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American Asphalt Company, Inc v. Delaware River Port Authority


August 2, 2011


On appeal from the Superior Court of New Jersey, Law Division, Camden County, Docket No. L-393-09.

Per curiam.


Argued May 2, 2011

Before Judges Lisa, Sabatino, and Alvarez.

This case involves a dispute arising out of a publicly-bid contract for the repaving of parking lots. The contractor, plaintiff American Asphalt Company, Inc., appeals an order granting summary judgment to defendant, Delaware River Port Authority ("DRPA"), dismissing the contractor's claims for price escalation and for payment on additional work it performed.

For the reasons that follow, we affirm the dismissal of the price escalation claim. However, we vacate summary judgment as to the claim respecting additional work, and remand for a trial on that discrete claim.


Although the factual record is unclear and incomplete in certain respects, we summarize the relevant evidence as it was developed in discovery. We consider that evidence in a light most favorable to plaintiff, as the party appealing the entry of summary judgment. See Brill v. Guardian Life Ins. Co. of Am., 142 N.J. 520, 540 (1995).

American Asphalt is a paving contractor with offices in West Collingswood Heights. DRPA is a bi-state transportation agency, created by a compact between New Jersey and Pennsylvania. See N.J.S.A. 32:3-1 (authorizing the New Jersey Interstate Bridge Commission to enter into an agreement with Pennsylvania to form DRPA). Among other things, DRPA operates the Port Authority Transit Corporation ("PATCO") high-speed rail service between New Jersey and Pennsylvania.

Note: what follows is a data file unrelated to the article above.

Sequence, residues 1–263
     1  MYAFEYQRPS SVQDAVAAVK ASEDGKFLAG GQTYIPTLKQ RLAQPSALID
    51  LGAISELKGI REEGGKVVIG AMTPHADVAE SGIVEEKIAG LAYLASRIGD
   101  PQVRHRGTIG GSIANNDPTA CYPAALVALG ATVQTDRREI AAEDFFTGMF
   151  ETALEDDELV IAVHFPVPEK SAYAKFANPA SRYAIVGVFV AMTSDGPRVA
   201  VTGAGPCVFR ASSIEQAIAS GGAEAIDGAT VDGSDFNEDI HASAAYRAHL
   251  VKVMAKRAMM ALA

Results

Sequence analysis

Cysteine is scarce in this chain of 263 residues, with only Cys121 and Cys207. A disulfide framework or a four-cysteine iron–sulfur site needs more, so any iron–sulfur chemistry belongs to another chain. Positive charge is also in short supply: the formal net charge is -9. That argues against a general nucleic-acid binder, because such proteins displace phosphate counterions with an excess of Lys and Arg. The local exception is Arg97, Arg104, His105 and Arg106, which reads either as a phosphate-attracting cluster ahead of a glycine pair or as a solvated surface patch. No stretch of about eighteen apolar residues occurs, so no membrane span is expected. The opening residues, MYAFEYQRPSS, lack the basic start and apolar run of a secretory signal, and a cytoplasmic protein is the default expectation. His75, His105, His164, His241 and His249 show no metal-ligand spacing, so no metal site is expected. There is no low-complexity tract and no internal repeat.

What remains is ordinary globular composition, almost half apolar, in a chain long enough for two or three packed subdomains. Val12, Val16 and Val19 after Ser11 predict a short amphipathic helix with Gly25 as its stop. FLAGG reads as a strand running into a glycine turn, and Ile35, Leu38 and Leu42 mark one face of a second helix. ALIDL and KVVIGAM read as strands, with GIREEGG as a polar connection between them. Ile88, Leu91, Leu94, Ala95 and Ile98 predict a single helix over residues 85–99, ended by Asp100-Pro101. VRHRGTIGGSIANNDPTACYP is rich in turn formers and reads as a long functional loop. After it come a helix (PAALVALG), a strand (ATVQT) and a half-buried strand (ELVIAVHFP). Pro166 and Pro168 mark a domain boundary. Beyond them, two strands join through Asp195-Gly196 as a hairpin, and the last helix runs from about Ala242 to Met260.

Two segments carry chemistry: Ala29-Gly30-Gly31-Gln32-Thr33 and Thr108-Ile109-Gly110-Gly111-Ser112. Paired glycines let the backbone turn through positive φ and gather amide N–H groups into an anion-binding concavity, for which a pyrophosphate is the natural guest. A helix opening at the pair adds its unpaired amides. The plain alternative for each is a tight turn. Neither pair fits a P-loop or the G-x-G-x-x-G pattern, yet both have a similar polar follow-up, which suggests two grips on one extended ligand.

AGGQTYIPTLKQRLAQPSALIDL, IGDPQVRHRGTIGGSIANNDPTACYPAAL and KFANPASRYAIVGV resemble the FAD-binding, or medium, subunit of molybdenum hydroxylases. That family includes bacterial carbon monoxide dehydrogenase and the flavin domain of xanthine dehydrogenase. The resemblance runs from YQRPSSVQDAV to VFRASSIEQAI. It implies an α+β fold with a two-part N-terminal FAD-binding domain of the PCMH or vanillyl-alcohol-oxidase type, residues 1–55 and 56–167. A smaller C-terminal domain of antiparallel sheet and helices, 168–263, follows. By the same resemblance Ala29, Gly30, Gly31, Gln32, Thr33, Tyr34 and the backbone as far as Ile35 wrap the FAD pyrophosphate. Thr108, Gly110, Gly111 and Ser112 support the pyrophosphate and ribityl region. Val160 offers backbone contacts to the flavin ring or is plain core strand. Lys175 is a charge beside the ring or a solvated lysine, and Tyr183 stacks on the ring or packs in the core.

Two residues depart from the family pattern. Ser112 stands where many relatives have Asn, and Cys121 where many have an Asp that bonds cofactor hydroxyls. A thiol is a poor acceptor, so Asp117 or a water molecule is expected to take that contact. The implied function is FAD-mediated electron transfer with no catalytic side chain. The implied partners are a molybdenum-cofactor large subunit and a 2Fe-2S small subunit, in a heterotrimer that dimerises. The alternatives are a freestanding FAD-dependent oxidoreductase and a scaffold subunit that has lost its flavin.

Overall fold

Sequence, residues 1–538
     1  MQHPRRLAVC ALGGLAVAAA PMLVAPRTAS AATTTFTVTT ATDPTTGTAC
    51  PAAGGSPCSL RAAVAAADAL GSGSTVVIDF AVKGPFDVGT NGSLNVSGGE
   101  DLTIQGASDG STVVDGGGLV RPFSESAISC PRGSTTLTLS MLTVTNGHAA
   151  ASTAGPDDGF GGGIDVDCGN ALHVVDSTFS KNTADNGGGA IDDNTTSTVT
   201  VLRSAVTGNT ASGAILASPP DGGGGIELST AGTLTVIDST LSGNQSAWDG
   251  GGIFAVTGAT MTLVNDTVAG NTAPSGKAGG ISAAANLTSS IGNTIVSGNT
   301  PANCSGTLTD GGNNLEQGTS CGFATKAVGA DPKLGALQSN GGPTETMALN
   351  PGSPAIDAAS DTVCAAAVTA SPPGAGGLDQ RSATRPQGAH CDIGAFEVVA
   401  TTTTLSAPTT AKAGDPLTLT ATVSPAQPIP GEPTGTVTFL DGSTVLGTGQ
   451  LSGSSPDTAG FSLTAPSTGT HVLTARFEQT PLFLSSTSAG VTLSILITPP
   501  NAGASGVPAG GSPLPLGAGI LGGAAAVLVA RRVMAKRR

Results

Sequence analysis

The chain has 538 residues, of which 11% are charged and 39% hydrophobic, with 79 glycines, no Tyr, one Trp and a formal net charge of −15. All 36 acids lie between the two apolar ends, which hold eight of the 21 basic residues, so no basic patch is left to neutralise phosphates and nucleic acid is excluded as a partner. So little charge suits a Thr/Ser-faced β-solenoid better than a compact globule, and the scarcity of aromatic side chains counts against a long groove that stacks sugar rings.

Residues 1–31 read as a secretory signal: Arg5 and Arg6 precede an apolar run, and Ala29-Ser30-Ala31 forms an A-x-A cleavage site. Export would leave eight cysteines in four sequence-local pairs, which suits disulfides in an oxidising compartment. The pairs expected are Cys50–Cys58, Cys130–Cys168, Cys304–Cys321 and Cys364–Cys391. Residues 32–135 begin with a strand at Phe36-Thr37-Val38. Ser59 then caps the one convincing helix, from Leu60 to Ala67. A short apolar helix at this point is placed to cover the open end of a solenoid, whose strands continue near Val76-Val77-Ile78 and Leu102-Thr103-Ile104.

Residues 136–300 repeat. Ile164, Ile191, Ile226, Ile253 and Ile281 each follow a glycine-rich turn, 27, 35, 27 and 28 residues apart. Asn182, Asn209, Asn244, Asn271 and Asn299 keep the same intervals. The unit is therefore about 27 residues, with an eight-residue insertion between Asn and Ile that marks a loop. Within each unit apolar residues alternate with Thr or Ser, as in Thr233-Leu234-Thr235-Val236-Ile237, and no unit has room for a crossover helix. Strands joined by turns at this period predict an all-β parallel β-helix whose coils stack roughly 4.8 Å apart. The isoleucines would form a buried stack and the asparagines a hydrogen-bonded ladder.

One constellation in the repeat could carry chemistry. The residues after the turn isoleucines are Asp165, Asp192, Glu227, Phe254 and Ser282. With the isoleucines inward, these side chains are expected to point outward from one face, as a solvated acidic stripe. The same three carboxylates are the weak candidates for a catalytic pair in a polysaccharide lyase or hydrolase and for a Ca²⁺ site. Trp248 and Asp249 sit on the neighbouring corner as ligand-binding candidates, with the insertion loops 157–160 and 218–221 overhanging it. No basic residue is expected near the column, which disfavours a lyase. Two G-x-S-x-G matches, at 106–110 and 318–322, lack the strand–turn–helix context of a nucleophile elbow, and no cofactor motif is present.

In February 2008, DRPA solicited bids for a parking lot improvement project at the Woodcrest and Ashland PATCO station parking lots. DRPA's bid package contemplated that the project would be completed within approximately seven months after bids were opened. The bid package required that the submitted prices include "all costs of any nature incident to and growing out of the [w]ork[.]" The bid package included detailed specifications concerning the materials to be supplied.

Plaintiff submitted a bid for the project based upon DRPA's specifications. The bid proposed to mill*fn1 105,992 square yards of parking area to an average depth of two inches. At a unit cost of $1.90 per square yard, the milling work entailed a sub-cost of $201,384.80. Plaintiff's bid also proposed to supply the project with 106,492 square yards of Bituminous Concrete Surface Course, Mix I-4 ("I-4"),*fn2 at two-inch depth. The mix was priced at a unit cost of $6.65 per square yard, yielding a sub-cost of $708,171.80.

DRPA awarded plaintiff, the lowest responsive bidder, the contract for the project on May 6, 2008. Thereafter, on May 22, 2008, the parties executed a lengthy agreement, Contract No. 15K. The contract specified a total price of $1,739,663.32, which was to include the following:

[T]he [c]ontractor's profit and general overhead and all costs and expenses of any nature whatsoever (including without limitation, taxes, labor and materials) foreseen or unforeseen, and any increases in said costs and expenses, foreseen or unforeseen, incurred by the [c]ontractor in connection with the performance of the